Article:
In case you left your portable radio in 1998, here are some more modern options for picking the music to pass your workday.
Whistling while you work can get pretty old. Also, your co-workers might hate you.
The better option that many workers are using to inject music into the workday is a music streaming service, whether they're trying to help to drown out noise, stay focused, or even just combat boredom during work. Though, not all services are created equal. With companies cracking down on the strain that music streaming can put on bandwidth (or attention span), you might need to know the full breadth of your options. Here are some of the top services and what they offer in terms of features, pricing, and online/offline access.
Spotify has two tiers, free and premium. With the free version, you can stream music to your mobile, tablet, or desktop, as long as you don't mind the ads too much. (But beware, if you're listening without headphones, there's no guarantee you won't run into an ad for Trojans or UTI medication.) For $9.99 a month, you get all the same access, except with high quality audio offline, and an ad-free, awkwardness-free experience. Spotify's offline capabilities could be a good thing for workers whose companies block music services, or have a policy against using them.
Internet radio provider Pandora, also has free and paid versions. For free, Pandora can be accessed through mobile, tablet, and desktop in exchange for dealing with ads. PandoraOne usually costs $4.99 and offers no ads, better audio quality, and a desktop app that does not require a browser. Pandora's lack of offline access could pose a problem as it's a favorite target of companies that ban streaming services. If you're the subversive type, you might be able to get away with one of the other services on this list.
3. iTunes Radio
iTunes Radio works with any Apple device and has similar capabilities to other streaming services in terms of building stations based on musical preferences and tweaking them with likes/stars. If you use iTunes Match, a service that stores all you music in the iCloud for $24.99 a year, iTunes Radio is ad-free. If you want offline access, you can use iTunes the old fashioned way.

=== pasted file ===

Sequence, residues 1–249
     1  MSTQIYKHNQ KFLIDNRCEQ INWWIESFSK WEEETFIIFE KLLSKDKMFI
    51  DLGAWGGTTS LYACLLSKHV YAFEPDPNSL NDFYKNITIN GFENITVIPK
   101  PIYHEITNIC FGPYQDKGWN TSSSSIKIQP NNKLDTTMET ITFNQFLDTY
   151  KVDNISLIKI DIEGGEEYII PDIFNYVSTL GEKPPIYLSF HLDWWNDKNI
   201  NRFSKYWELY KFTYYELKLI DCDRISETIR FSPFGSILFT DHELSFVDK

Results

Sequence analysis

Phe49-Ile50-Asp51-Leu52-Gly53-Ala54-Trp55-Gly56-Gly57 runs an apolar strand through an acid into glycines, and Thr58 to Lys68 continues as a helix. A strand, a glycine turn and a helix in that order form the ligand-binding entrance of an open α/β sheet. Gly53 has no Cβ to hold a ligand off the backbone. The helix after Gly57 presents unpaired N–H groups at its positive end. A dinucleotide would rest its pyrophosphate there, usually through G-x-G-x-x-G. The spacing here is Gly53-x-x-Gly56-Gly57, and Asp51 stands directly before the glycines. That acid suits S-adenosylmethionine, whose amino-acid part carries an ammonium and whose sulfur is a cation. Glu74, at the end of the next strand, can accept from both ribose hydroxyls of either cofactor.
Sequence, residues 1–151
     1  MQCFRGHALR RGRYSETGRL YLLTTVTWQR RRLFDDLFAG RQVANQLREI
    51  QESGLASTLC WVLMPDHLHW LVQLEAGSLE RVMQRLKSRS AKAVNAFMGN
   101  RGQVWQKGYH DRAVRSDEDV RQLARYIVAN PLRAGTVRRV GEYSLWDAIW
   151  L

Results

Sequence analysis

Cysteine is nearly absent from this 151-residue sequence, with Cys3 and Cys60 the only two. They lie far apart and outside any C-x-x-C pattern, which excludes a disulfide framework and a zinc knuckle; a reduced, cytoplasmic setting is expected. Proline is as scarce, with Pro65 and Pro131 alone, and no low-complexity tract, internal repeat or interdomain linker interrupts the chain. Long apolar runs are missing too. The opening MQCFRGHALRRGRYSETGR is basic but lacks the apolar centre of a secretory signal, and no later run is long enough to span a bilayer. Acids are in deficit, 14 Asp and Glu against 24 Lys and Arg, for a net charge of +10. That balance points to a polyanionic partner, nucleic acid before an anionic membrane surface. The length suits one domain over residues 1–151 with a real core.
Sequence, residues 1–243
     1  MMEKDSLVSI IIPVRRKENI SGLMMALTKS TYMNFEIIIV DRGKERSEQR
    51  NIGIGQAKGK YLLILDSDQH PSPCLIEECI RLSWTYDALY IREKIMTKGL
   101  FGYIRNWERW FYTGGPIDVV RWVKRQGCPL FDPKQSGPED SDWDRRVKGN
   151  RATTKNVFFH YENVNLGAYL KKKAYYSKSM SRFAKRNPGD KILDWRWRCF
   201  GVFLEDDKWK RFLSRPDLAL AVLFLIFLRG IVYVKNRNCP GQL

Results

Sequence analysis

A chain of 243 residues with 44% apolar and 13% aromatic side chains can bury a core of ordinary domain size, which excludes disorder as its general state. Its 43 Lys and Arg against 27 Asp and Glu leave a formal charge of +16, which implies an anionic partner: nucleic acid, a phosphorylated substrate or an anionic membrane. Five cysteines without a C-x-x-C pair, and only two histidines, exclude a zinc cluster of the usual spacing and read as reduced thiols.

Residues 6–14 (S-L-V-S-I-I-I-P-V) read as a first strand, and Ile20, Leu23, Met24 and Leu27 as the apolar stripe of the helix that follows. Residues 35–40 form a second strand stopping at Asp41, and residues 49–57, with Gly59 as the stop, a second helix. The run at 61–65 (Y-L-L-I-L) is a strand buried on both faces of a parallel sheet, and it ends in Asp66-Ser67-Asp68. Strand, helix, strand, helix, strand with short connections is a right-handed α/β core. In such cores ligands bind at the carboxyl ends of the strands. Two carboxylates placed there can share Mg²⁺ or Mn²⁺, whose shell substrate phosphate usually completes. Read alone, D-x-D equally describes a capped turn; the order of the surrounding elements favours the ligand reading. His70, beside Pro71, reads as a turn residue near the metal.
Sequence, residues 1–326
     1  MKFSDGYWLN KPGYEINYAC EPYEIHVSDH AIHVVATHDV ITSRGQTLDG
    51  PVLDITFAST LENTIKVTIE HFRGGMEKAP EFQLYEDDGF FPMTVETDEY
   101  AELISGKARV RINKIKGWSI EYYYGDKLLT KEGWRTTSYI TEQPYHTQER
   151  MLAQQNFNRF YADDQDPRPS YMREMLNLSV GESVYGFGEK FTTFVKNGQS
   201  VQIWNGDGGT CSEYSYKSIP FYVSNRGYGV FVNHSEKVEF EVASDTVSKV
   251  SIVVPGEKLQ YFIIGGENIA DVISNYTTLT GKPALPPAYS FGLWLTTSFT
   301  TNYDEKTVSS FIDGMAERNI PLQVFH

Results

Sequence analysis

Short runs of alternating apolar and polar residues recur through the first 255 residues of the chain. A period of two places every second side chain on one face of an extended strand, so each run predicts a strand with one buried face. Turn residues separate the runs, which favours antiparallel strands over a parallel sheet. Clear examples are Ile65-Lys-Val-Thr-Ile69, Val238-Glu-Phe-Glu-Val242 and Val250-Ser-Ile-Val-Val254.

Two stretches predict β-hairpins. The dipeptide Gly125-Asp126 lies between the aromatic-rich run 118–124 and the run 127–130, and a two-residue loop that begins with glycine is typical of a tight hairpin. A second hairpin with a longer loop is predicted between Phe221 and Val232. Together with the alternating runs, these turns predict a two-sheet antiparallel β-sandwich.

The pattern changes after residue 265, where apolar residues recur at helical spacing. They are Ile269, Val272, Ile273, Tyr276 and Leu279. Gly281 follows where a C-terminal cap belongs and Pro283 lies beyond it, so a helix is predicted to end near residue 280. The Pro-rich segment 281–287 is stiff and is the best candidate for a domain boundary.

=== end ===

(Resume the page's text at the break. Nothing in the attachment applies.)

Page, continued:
GooglePlay offers two tiers, Standard and All Access. Both can host up to 20,000 songs (which sounds like a lot until you compare it to Amazon's 250,000), accessible from any device, including Android, iPhone and iPad. The Google Play Music app lets you pick songs and playlists to download and listen to when you're offline. For $9.99 a month, GooglePlay offers unlimited skips on the customizable radio feature, unlimited access to millions of songs and albums, and recommendations. It works something like a hybrid between a music locker and a streaming service where you can upload your existing music collection, but also stream (or even download offline) songs you don't own.
Creating a Last.fm profile is free. You can listen through the browser, or a media player, which requires Last.fm's Scrobbler software. Apps for iPhone and iPod are available. A subscription to Last.fm costs $3 a month (via PayPal) and means you don't have to deal with banner ads on the website or mobile app. You also get to see who has been looking at your page, as well as what Last.fm is working on in their labs. (Disclosure: Last.fm and TechRepublic are both part of CBS Interactive.)
6. Beats Music
Beats Music is the newcomer on this front. Unlike many other services, Beats Music has no free tier. It also lacks a desktop version. For $9.99 a month (for one person on up to 3 devices), the service offers access to more than 20 million songs, no ads, and playlist recommendations tailored to the user— one of Beats' biggest talking points has been its expert curators. An update now includes in-app offline playback options.
Amazon Cloud Player is also a music locker. You can keep your music in your Cloud and access it from any device, any time, including Roku, Sonos, or Samsung Smart TV. The first 250 song you upload are free. Also, if you download music (MP3s or physical albums using AutoRip) from Amazon, that music does not count toward your space allotment. To store up to 250,000 high quality songs, the cost is $24.99 a year.
The free ad-supported version of GrooveShark is available on the web and mobile browsers. For $9 a month, you can ditch the ads and get access to unlimited streaming, as well as apps for Apple, Android, and desktop. Other features include PowerHouse mode, video mode, and a visualizer. GrooveShark doesn't offer an offline mode.